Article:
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Why do Anxiety attacks appear, and how do sadness, anxiety, and stress alter mood in menopause?

Symptoms of anxiety that may appear are a feeling of instability or lightheadedness, fear of losing consciousness, tingling and numbness. 

Other symptoms that may appear are a feeling of instability or lightheadedness, fear of losing consciousness, tingling and numbness.

Steps to take in a crisis

The expert points out that anyone can suffer an isolated anxiety crisis. However, if the crises are repeated, and the fear develops that they will reappear, we are facing an anxiety disorder that can lead to the appearance of depression and the consumption of alcohol and other substances. “Panic crisis disorder is more common in women than men, and the age at which it appears is usually young, more or less between 18 and 35 years old.

Regarding the steps that a person who already knows they are going through an anxiety crisis has to take, the specialist recommends trying these strategies: perform relaxation techniques, try not to focus on the problem and seek help, either by communicating with other people or simply counting on your company. All of this, supported by medication that helps reduce anxiety, contributes to milder attacks.

“We are facing a disease. It is a subjective and emotional problem, and fear and anxiety often lead to closing the circle around the disease. What you have to look for is to face it, not limit yourself and lead a normal life”, insists the specialist, who points out that many people who are at home are afraid of not going out alone, who are afraid to get away from the places where they feel safe, they live inside a kind of glass prison that they have set up by themselves. In those cases, they must seek medical help in psychology and psychiatry to overcome this situation.

Finally, it is recommended not to consume alcohol or stimulants, to lead an organised life, get enough sleep and avoid excessive chronic stress.

Sadness, anxiety, stress: this is how mood is altered in menopause

Menopause is a stage in a woman’s life in which many hormonal changes occur, and that causes an unstable mood similar to that experienced during adolescence. For this reason, many women may experience depressive symptoms and mood swings, without this implying becoming depressed.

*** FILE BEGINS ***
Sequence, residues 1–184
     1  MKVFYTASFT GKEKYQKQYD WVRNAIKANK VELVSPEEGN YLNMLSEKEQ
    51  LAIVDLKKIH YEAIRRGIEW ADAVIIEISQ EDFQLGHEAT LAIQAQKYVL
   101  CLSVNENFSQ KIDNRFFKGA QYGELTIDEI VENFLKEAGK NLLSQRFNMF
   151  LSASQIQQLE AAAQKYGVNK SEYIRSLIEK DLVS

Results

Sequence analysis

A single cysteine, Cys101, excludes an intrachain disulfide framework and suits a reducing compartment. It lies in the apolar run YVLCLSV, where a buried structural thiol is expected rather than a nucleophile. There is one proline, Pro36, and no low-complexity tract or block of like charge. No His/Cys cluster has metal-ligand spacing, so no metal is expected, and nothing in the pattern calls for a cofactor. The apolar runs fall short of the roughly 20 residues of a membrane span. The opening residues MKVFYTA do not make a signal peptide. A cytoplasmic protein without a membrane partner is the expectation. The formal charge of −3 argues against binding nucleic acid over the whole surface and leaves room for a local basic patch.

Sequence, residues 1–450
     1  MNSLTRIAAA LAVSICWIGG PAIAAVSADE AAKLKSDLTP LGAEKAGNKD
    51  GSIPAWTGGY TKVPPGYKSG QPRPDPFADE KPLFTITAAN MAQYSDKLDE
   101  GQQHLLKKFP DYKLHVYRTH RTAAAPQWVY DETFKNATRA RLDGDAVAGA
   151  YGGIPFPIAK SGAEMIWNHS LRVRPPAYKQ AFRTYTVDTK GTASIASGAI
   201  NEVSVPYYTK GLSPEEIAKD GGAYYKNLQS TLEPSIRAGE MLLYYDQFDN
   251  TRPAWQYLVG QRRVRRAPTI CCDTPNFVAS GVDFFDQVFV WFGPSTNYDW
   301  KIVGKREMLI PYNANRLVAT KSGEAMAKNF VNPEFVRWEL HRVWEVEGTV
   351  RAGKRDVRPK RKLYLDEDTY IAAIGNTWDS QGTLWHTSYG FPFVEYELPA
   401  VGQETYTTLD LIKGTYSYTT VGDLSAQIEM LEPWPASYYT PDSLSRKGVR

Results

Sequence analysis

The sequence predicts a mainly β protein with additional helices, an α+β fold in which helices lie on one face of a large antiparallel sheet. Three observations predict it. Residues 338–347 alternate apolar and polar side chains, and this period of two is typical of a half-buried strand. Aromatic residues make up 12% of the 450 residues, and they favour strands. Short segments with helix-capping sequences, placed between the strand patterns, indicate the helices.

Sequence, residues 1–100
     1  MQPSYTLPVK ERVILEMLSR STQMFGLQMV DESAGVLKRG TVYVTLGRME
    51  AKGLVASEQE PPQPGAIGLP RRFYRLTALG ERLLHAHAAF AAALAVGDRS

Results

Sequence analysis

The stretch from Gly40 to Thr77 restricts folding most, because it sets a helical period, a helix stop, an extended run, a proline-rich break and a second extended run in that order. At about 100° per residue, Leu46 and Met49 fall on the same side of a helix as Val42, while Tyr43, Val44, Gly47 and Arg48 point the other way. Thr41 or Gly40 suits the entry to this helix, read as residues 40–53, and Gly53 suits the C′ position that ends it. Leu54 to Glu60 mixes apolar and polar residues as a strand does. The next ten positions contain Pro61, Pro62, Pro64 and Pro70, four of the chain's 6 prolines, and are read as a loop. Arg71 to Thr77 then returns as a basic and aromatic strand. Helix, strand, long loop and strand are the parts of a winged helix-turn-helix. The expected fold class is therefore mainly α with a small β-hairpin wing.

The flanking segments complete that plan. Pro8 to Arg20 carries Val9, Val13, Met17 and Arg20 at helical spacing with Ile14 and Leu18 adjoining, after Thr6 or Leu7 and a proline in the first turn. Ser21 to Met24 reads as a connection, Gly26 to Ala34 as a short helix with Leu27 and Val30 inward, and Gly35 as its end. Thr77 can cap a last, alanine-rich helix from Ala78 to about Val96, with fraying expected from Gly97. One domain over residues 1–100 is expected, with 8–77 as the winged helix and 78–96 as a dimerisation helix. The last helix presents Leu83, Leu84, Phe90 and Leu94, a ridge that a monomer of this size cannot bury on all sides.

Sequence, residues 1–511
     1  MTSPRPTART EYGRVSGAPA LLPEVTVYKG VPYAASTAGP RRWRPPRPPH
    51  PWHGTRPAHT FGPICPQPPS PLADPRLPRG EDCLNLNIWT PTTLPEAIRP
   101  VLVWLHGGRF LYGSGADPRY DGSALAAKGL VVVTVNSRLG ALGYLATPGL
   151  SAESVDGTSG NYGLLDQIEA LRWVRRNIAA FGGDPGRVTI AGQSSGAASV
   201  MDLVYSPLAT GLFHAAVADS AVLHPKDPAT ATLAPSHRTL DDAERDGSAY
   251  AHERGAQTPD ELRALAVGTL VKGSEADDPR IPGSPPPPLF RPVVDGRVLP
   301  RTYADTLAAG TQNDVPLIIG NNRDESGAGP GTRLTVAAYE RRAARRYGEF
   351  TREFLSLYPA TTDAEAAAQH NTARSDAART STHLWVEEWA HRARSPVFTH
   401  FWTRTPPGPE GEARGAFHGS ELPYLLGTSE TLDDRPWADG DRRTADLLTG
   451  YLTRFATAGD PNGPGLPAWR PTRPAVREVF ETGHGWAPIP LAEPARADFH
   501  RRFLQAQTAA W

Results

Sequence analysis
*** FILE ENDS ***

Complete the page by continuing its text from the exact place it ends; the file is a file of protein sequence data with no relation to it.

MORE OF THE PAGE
These alterations normally occur in those people with a special susceptibility to hormonal changes or if, for example, they have previously suffered from monthly tension syndrome (changes in physical and psychological that occur before menstruation).

What’s wrong with hormones?

Sadness, depression, irritability or even stress, anxiety or sudden nervousness are mood changes that occur due to the relationship between female hormones ( estrogens ) with the synthesis of serotonin, oxytocin and dopamine, which are the neurotransmitters involved in the management of emotions and that are related to numerous psychological and psychiatric disorders.

The specialist explains that, although not all women experience the same, 70 per cent are affected to some extent by the side effects of menopause. The duration of the symptoms is also variable, although the expert points out that they usually last from six months to two years and are different depending on the stages:

Perimenopause is the period before the withdrawal of menstruation in which estrogen production begins to decrease. The most common sporadic symptoms are hot flashes or dry skin or vagina.

Menopause: Once established, the risk of developing cardiovascular problems ( hypercholesterolemia, hypertension), endocrine problems (increased possibility of weight gain ) and alterations in the musculoskeletal system may increase, with a clear increase in the risk of osteoporosis.

how to deal with it

The usual gynaecologist is in charge of guiding the woman during this important stage. According to Verdú, the woman should consult her doubts and express her fears from the first symptoms. “Through follow-up with her gynaecologist, all these alterations can be assimilated and mitigated so that it is lived as a normal physiological process, and to be able to detect and treat early if there is any abnormal alteration.

The specialist gives some advice so as not to fall into discouragement and overcome it properly:

  • Consider menopause as another stage of life, controllable and natural.
  • Following certain recommendations such as leading a healthy lifestyle: a varied diet rich in fruits, vegetables and legumes, combined with moderate but daily exercise, will help control most symptoms. 
  • Strengthening social relationships and increasing communication with the environment as a family and partner are behaviours that help strengthen women’s self-esteem and security to overcome symptoms and fully live this stage.

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